8 August 2016
Following the UK European referendum vote of 23 June 2016, a lot of individuals whose businesses and personal affairs connect them to the UK have posed questions on the practical and legal implications.
As a law firm working in both the UK and Bulgaria New Balkans Law Office organised an event on the consequences of Brexit and the potential effects it would have on the businesses operating in Bulgaria and the UK as these appeared in the days immediately following the vote.
Kamen Shoylev opened by discussing the avoidability and constitutionality of Brexit. The discussion centred around the possibility of the EU forcing the UK to trigger Article 50 and whether or not there is a chance for the UK not to start the process of leaving the Union despite the results of the referendum.
Speaking about the economic and financial risks for businesses, Kamen Shoylev and Irina Stoyanova warned that with the withdrawal of the UK from the EU, companies might be adversely affected by a number of tariff and non-tariff barriers which will complicate trade. Mr Shoylev went through the possible future scenarios of a customs union, common market in their full sense or a tailor-made arrangement between the UK and EU.
According to Mr Shoylev there won’t be any significant short-term implications for corporate structures in the UK, however in the long-term taxes might have to be raised so that the budget deficit created by Brexit could be filled.
Our experts reassured the business community, that Bulgaria will remain a member of the EU and it will continue to apply the Brussels Regime determining the applicable law when it comes to dispute resolution, even though the UK will no longer have to follow the Rome I and Rome II Regulations. So if the contract specified English applicable law, this will be accepted by Bulgarian courts, however ruling made by the English judicial system would have to go through a special process to be recognised by the Bulgarian system. Mr Shoylev explained that British courts have the practice of applying the agreed applicable law, so there would be no significant changes in dispute resolution in the UK.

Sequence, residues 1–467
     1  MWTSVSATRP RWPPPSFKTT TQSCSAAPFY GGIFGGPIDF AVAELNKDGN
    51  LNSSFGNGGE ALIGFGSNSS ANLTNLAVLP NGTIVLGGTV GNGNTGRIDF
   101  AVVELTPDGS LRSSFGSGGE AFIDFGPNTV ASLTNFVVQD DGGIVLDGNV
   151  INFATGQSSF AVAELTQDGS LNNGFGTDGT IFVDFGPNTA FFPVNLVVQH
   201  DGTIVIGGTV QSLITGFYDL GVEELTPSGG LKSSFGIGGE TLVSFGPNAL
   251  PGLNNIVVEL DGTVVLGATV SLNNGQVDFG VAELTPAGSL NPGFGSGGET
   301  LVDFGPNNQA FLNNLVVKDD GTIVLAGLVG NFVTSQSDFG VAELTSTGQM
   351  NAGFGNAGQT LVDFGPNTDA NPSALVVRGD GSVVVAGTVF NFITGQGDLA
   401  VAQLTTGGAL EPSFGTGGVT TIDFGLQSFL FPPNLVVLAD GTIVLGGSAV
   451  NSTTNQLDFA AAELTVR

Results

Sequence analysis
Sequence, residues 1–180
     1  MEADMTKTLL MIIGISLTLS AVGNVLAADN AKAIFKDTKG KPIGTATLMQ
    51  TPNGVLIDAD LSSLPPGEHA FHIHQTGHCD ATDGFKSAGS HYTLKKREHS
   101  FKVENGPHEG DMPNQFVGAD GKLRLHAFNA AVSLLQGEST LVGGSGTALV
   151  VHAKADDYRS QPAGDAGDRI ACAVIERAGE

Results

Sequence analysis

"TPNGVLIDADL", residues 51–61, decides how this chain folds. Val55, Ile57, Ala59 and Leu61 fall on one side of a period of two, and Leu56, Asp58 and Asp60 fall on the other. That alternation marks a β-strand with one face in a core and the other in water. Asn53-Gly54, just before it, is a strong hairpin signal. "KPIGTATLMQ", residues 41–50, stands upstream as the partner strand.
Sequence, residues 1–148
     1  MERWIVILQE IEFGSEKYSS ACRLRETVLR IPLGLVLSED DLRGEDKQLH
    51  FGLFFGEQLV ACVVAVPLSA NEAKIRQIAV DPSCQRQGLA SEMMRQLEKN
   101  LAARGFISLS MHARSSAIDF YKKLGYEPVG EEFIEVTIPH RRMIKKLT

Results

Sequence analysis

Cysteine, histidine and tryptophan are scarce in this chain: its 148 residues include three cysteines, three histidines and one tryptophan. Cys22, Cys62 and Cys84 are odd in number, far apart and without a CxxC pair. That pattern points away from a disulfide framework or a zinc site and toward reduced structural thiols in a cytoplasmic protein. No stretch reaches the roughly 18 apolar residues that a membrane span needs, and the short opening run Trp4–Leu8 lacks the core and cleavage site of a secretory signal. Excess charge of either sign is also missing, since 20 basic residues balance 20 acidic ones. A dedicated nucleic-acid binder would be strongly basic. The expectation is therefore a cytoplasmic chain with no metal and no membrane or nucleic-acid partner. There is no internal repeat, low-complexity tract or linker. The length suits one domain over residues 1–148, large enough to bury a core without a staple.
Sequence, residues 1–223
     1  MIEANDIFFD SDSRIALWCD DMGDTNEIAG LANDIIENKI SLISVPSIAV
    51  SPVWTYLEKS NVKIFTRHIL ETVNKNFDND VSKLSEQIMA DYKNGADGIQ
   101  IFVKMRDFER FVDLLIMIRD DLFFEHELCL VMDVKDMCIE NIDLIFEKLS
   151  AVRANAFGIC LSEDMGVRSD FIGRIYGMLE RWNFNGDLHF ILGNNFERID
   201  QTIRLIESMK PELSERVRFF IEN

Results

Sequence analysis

According to our lawyers, the freedom of movement principle will most likely remain unchanged, but it will happen under conditions of registration and regulation, as in Switzerland. Our advice for EU individuals currently living in the UK would be to start the procedure to acquire permanent residence or citizenship as soon as possible.
Our seminar is available to watch in Bulgarian at our YouTube channel.
The seminar was covered by the local media in several languages, which you can find here:
Articles in English:
Articles in Bulgarian:
Articles in Russian:
The organisers wish to thank Intra Partners, a Sofia based accounting and finance consultancy, for its generous sponsorship.
NBLO helps Dutch investor win summary judgment in High Court for the sum of GBP 192,000
New Balkans Law Office has acted for Mr Kooter, the individual claimant in legal proceedings recently covered by the British press (e.g., The Evening Standard) and subsequently also in Bulgarian news media (e.g., 24 Chasa).
NBLO has represented Mr Kooter throughout the matter. We assisted with the enforcement of a worldwide freezing order issued by the High Court in London against real estate, bank account and other assets of the defendant situated in Bulgaria. As part of the attempts to preserving assets for enforcing his claim, the claimant also proceeded on the basis of prejudiced against him as a creditor. NBLO additionally acted on various ancillary aspects.
Separately, through one of NBLO’s partners who is dual-qualified as an English barrister, NBLO formed part of Mr Kooter’s UK legal team. In the UK, Mr Kooter won summary judgment for the sum of £192,000, interest and legal costs. The sum awarded was the entire claim by Mr Kooter relating to sums which Ms Radeva had ostensibly offered to invest on his behalf. For a separate part of the claim (approx. €36,000), the High Court was unable to give a summary (effectively, early-stage) judgment on the basis that unlike the investment related claim, the basis of these transfers could not be established without a full investigation of evidence including oral hearings.
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